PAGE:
How do you write a professional bio on yourself? I’m struggling with coming up with a bio that sounds confident but not braggy, approachable but also serious. Plus I’m a creative, so it should sound…creative. It’s enough to make me to avoid my LinkedIn account.
— Tania D.
What is a short professional bio?
A short professional bio is a brief summary of who are you are as a professional. It should show you in the best possible light and highlight your achievements but not feel like you’re giving a hard sell. Ideally, it feels honest, professional and intriguing. You want to leave them wanting more, not bored or feeling like you’re arrogant.
Why do I need a professional bio?
Having a professional bio is important for networking events, social websites like LinkedIn, your website, marketing material or basically any time you want to convey what you do succinctly. Once you have one, keep it handy. You can copy and paste, saving yourself a lot of time thinking up unique bios. However, do make sure to keep it up-to-date. If you pivot, have new achievements to highlight or even just more experience, remember to update.
5 Tip for Writing a Better Professional Bio
While you can hire a copywriter, most people write their bios themselves. It doesn’t need to be long or flashy, in fact to the point generally works best. Start by brainstorming the highlights of your experience and career. Then you can get to work. Here are points to help you craft a better professional bio.
1. Accomplished people have short bios. Yours should be, too.
Here’s an example of a bio for the artist, Maya Lin:
“As an undergraduate at Yale, Maya Lin won a national competition to design the Vietnam Veterans Memorial (1982) in Washington, D.C. Since then, she has designed memorials and landscape sculpture across the United States, including a multi-site project along the Columbia River in Washington and Oregon tracing the path of the explorers Lewis and Clark. She is a member of the American Academy of Arts and Letters and received the National Medal of the Arts in 2009.”
See how it highlights her achievements without feeling like it’s overtly bragging or going into too much detail about any specific project? The reader would come away with a good idea of her background and know if they want to continue the dialogue. That’s what you want — a bio should tell someone reading it if you’re a person they want to talk to.
2. Use the journalist’s tool: the inverted pyramid.
Give the important facts first to grab your reader’s interest. Start with your greatest accomplishments and drill down from there. Sometimes your greatest accomplishment is obvious — an award, a big contract, solving an impossible problem. Often it’s less obvious though. It might be your longevity in a career most people burn out in within a few years or educational experience.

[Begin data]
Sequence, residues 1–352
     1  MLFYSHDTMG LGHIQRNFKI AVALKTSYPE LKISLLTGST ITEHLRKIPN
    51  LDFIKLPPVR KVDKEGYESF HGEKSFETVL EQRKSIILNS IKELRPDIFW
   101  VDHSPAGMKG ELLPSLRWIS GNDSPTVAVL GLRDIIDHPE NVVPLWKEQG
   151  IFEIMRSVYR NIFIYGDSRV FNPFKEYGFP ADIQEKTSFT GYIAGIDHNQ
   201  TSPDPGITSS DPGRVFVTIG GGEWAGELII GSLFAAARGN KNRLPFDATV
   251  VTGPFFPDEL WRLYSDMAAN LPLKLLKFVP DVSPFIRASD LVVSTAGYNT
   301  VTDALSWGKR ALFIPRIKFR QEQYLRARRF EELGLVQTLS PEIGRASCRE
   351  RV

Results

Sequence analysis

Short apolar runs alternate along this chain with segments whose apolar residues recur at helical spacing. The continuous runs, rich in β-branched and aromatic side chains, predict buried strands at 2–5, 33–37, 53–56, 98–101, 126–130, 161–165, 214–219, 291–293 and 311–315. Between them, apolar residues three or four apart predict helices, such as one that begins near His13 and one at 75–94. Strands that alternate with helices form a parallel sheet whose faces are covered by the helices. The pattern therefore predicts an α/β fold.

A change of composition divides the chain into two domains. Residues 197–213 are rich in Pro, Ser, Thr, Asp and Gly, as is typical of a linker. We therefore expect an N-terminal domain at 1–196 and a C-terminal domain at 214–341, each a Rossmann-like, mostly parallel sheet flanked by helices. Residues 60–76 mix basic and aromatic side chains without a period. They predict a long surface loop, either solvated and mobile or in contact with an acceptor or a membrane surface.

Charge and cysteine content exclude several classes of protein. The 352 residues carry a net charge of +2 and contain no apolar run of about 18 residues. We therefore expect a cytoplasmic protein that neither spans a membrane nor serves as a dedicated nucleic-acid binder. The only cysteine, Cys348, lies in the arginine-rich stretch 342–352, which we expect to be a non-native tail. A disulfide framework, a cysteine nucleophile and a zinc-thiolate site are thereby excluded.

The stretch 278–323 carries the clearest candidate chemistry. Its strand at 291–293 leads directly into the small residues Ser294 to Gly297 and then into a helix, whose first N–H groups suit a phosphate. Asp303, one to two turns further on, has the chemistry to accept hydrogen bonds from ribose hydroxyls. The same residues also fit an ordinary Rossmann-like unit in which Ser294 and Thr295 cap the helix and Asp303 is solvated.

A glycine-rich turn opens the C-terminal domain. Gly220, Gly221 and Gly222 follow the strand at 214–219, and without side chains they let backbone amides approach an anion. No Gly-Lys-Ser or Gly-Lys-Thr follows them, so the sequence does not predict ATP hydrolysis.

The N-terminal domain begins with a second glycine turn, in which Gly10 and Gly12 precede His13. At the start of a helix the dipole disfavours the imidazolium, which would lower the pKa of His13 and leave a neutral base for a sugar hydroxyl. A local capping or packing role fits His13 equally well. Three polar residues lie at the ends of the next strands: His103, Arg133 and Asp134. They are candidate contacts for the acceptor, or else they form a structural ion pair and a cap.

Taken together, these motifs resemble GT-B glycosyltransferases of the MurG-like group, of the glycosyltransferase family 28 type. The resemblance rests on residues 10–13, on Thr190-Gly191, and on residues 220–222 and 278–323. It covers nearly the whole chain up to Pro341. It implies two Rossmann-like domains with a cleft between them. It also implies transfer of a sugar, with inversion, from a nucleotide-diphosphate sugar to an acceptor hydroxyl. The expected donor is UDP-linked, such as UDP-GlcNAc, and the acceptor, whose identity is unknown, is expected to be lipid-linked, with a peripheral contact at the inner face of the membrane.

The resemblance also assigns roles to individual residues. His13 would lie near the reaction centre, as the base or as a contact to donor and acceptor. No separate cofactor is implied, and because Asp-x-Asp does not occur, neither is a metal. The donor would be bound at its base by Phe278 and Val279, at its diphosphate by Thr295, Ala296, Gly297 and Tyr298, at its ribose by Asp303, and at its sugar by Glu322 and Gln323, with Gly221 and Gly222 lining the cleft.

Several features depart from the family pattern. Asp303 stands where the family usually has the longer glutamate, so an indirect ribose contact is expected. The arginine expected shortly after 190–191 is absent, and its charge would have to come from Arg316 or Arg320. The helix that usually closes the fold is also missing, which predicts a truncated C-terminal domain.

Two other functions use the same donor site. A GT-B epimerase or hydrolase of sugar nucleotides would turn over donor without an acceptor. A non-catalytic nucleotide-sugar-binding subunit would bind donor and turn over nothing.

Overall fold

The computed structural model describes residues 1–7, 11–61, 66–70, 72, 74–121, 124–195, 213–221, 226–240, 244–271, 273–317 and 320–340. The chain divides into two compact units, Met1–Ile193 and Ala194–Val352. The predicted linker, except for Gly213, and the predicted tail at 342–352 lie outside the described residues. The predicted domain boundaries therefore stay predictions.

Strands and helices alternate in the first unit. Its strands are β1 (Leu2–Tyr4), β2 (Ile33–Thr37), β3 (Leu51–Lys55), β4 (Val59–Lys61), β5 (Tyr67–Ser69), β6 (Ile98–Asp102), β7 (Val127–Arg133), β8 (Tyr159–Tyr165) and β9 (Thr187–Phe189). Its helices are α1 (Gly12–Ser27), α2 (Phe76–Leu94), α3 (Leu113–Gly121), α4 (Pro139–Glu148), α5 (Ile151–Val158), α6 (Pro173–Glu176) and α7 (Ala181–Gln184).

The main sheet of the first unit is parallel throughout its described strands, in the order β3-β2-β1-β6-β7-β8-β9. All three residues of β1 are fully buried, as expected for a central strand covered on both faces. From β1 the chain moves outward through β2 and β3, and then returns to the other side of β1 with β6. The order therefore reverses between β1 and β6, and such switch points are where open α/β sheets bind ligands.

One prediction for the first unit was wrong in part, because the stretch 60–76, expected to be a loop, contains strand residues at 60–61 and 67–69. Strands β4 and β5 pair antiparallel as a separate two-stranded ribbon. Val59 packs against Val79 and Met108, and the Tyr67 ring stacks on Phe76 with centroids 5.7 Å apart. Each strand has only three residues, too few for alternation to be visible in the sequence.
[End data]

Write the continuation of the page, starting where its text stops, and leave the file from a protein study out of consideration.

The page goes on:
Whatever it is, it should be relevant and interesting to your target market.
3. Identify your audience.
Keep in mind who will read your work bio. Is your reader a corporate executive or a potential client? Or is your bio listed on a professional ad page? In each case, your bio should reflect what you want the specific audience to know about you.
You don’t need to re-write your bio for each audience but edit it. For instance, at a mom’s networking meeting, include something about your family life in your bio. For an alumni networking event, add information on your studies and any contact you still have with the school. For industry-specific event, feel free to use the jargon that marks you as an insider (and no one outside the industry understands).
4. Use the third person; avoid the passive.
Your professional bio should read as an objective statement about yourself. Instead of writing, “I initiated and managed an extensive rebrand of Company X,” you should write, “ Jill Jones initiated and managed an extensive rebrand of Company X.”
Avoid the passive voice when possible, since you want your professional life to sound vibrant and active. Write, “Jones became Creative Director of Company X in 2010” instead of “Jones was promoted to Creative Director of Company X in 2010.” That sounds like you took charge in a dynamic way.
5. After you’ve written your bio, write an “elevator pitch.”
It’s useful to have a one-liner that states your purpose, much like what start-up entrepreneurs do when pitching their big idea. State who you are and what your goal is. For example, “Jones is an accomplished creative director seeking agency work in digital or print platforms.”
Having a work bio is becoming more important in the digital age where people “meet” you via the words on a website. In essence, keep in short, start with the most important facts, write with your audience in mind, use the active tense, and after that, make sure you have a short personal elevator pitch to tell people orally which highlights the most important aspects. The main goals of any bio are that it promotes you and describes your personal brand.
Barbara is a writer and educator with a PhD from the University of Chicago. For the last 13 years, she’s taught writing and research at Parsons School of Design and Barnard College including white papers, design documents, grant-writing, academic research papers. She also writes marketing and web content for various Silicon Valley technology companies.